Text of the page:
Does Gestational Diabetes Increase the Risk of Preterm Labour?
There are chances of delivering early with gestational diabetes. The placental hormones that are released during pregnancy make the mother resistant to insulin. High blood sugars make the baby gain weight faster. A bigger baby surrounded by excess fluid could make the body think it is further along gestation that it actually is. This can lead to pre-term delivery. Most complications that are linked to gestational diabetes have to do with poor control over blood sugar. Gestational diabetes and premature birth can be checked by taking the right precautions through portion control, exercise, and meal planning. This makes diet and exercises a crucial component in fighting gestational diabetes.
One major reason to induce preterm labour is to avoid the risk of stillbirth. Due to very high blood sugar, a pregnant mother may be affected by high blood pressure, microvascular conditions, or poor blood circulation. This causes the foetus to develop very slowly sometimes, and can lead to stillbirth. Although the exact cause is not known, stillbirth is higher in women with poor blood glucose control.
Does Gestational Diabetes Mean You Need Extra Monitoring During Labour?
Additional monitoring during labour is crucial for pregnant women who have gestational diabetes. The blood glucose requires to be checked every hour to make sure that it stays in the safe range during delivery. If the glucose levels increase, then additional insulin should be administered as drips. Additional insulin will mostly be necessary if you have been taking insulin injections to keep blood sugar under control. Assisted delivery may also be required if the mother becomes fatigued or the baby is distressed during the delivery. Instruments like forceps delivery or suction caps (ventouse) may be required to aid the baby during delivery. Assisted deliveries may leave small marks or bumps on the baby’s head that will fade over the next few weeks.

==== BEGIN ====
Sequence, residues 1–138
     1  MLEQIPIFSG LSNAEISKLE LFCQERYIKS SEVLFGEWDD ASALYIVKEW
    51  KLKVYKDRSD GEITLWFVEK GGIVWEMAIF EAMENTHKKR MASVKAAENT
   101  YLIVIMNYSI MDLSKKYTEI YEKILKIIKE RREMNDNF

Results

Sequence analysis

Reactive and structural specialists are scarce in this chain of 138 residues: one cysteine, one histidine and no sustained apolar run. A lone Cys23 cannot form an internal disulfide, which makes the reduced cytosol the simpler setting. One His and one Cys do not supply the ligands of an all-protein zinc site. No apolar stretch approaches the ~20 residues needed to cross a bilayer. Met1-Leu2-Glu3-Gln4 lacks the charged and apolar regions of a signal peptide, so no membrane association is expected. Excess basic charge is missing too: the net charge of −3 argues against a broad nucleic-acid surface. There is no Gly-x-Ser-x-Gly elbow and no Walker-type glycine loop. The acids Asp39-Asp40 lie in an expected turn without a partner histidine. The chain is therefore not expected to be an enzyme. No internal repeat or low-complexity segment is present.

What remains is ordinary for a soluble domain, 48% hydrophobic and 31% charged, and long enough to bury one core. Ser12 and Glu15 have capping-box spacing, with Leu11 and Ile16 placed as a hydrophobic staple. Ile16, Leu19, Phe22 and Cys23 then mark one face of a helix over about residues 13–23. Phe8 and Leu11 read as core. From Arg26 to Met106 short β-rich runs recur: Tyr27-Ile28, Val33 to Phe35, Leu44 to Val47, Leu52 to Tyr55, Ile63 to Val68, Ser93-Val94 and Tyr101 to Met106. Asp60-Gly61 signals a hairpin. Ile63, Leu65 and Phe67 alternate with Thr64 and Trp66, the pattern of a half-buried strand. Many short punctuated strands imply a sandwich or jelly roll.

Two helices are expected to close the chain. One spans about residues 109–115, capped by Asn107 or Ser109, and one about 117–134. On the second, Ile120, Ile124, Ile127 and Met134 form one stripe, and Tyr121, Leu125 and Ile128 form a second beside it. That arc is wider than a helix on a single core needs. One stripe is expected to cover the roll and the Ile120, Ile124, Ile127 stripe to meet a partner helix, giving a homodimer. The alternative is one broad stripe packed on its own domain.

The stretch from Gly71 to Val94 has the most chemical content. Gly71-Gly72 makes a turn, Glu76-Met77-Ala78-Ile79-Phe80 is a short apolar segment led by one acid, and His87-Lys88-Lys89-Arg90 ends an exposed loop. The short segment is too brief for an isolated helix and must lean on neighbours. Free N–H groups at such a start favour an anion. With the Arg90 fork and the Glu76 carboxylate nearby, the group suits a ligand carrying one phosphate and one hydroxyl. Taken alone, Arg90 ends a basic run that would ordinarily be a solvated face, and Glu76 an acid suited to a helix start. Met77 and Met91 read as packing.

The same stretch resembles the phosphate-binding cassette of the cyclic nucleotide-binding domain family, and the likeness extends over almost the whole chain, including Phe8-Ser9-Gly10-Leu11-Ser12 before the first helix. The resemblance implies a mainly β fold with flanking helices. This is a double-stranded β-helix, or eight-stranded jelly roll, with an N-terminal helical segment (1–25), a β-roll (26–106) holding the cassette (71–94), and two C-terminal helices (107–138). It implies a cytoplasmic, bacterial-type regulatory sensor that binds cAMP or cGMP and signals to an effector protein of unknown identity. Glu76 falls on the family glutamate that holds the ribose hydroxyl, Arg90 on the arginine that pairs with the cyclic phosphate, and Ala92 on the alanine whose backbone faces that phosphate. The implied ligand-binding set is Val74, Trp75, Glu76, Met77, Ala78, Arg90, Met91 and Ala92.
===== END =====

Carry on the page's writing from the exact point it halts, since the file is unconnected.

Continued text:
Several pregnancies with gestational diabetes have needed to be induced into labour or have a caesarean birth due to the need of the hour. Labour may take up to 24 hours to commence after an induction. Induction is generally done using vaginal gel, drips to the arm, or a pessary. The contractions are different to what is felt in a natural delivery. Contractions will be much closer together and certainly more powerful. Baby’s heartbeat will be constantly monitored during this time. If you have not made enough progress after induction and if your baby is coping well, you will be induced a second time. If this does not bring in the desired results and labour isn’t progressing, then a caesarean will be recommended.
A caesarean or a c-section is a surgery where your baby is brought out through a tiny incision made in your lower abdomen. It is termed as an emergency c-section when it is unplanned and is required because induced labour has not progressed as planned.
The upside to being pregnant, with or without diabetes, is delivering a beautiful and perfect baby. Gestational diabetes is a small snag in an otherwise lovely adventure, and it can be managed through control and caution. Your delivery may have none of the complications associated with gestational diabetes, or you might have a few unexpected changes. Ultimately, it is more important to have delivered a healthy baby than fret over how the delivery happened. Reading up and being prepared always helps mothers to prepare for what is imminent mentally. So, read up, be ready, and have yourself the most gorgeous baby ever!